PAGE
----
White and non-white Millennials have different views on the role of government. … On balance, white Millennials say they would prefer a smaller government that provides fewer services (52%), rather than a bigger government that provides more services (39%). Non-white Millennials lean heavily toward a bigger government: 71% say they would prefer a bigger government that provides more services, while only 21% say they would prefer a smaller government. The racial gaps are about as wide among Gen Xers and Boomers.

Surveys conducted this year underscore the sharp racial differences in Obama’s job rating among generations. Just 34% of white Millennials approve of Obama’s job performance. That is little different from the shares of white Gen Xers (33%), Boomers (37%) or Silents (28%) who approve of Obama’s job performance. Fully two-thirds of non-white Millennials (67%) approve of Obama’s job performance, so too do 59% of non-white Gen Xers and 65% of non-white Boomers. (There are too few non-white Silents in the surveys to analyze.)

Yes, the overall findings are ominous for conservatives and the Republican Party, which has yet to figure out how to appeal to non-white voters. But it’s misleading to imply that the changes in the electorate are due to Millennials having short attention spans or being “fickle.”

On Sunday, the New York Times’s Paul Krugman wrote, “race is the Rosetta Stone that makes sense of many otherwise incomprehensible aspects of U.S. politics.” He didn’t even mention the Pew report (writing instead about “claims that liberals are taking away your hard-earned money and giving it to Those People”), but race seems to explain a lot of generational change. Maybe that’s such an old story that we’d rather talk about anything else.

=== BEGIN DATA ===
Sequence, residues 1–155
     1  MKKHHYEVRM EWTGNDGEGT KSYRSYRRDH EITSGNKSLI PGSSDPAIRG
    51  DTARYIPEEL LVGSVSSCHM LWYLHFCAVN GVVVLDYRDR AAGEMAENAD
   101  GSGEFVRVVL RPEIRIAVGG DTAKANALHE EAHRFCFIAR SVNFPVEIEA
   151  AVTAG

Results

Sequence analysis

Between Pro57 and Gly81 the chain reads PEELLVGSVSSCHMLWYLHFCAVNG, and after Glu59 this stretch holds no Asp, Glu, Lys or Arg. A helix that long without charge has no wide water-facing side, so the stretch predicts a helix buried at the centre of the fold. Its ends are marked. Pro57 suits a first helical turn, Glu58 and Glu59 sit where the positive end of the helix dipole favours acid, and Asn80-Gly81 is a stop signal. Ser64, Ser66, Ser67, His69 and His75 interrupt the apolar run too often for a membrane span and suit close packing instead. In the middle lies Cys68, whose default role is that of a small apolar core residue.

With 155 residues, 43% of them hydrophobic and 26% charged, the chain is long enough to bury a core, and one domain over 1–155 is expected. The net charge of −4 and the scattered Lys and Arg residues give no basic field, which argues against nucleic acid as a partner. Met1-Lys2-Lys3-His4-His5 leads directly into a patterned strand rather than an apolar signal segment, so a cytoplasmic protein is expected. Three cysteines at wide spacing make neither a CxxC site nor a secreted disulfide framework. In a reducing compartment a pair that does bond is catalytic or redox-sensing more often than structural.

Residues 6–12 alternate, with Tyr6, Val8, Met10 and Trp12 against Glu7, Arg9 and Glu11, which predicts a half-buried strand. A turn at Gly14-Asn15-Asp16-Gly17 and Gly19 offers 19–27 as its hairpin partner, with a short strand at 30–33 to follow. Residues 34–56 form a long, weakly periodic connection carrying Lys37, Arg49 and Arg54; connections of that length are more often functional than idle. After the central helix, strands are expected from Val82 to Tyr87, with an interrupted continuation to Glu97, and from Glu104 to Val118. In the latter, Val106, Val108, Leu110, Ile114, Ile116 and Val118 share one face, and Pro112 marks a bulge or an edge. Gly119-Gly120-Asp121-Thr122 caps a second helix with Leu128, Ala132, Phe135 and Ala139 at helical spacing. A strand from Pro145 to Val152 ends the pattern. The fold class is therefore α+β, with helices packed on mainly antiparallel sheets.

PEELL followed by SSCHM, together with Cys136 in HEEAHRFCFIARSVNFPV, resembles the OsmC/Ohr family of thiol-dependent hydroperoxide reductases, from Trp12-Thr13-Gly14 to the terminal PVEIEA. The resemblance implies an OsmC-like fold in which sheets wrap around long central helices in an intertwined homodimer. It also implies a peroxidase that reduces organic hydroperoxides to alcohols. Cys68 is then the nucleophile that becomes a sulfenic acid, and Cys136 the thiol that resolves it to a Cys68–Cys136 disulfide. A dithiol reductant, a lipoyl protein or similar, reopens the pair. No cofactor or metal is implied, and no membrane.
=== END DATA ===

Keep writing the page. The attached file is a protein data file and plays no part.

*Note: The first chart in the Pew press release shows that Millennials are more likely to call themselves political independents (50 percent of that generation, compared with 32 percent of the “Silent Generation” now over 68 years old). This is catnip to journalists who like to speculate about the decline of the two major parties, but there’s always a danger in analyzing data about self-identified independents.

For example, Third Way, which champions nonpartisanship in the “vital center,” recently published a report on party registration by state; its data show that 53 percent of Massachusetts voters but only 18 percent of Maryland voters are registered independents. This makes no sense unless you consider that independents in Massachusetts are eligible to vote in either party’s primary, while independents in Maryland are barred from voting in any partisan primary. You can’t really track the “independent” label without taking into account laws and institutions (such as fundraising groups) that encourage or discourage people to identify with a party. Maybe California will see a surge in people identifying as independents, but would that be due to generational attitudes or to a recent change in the law that essentially eliminated partisan primaries?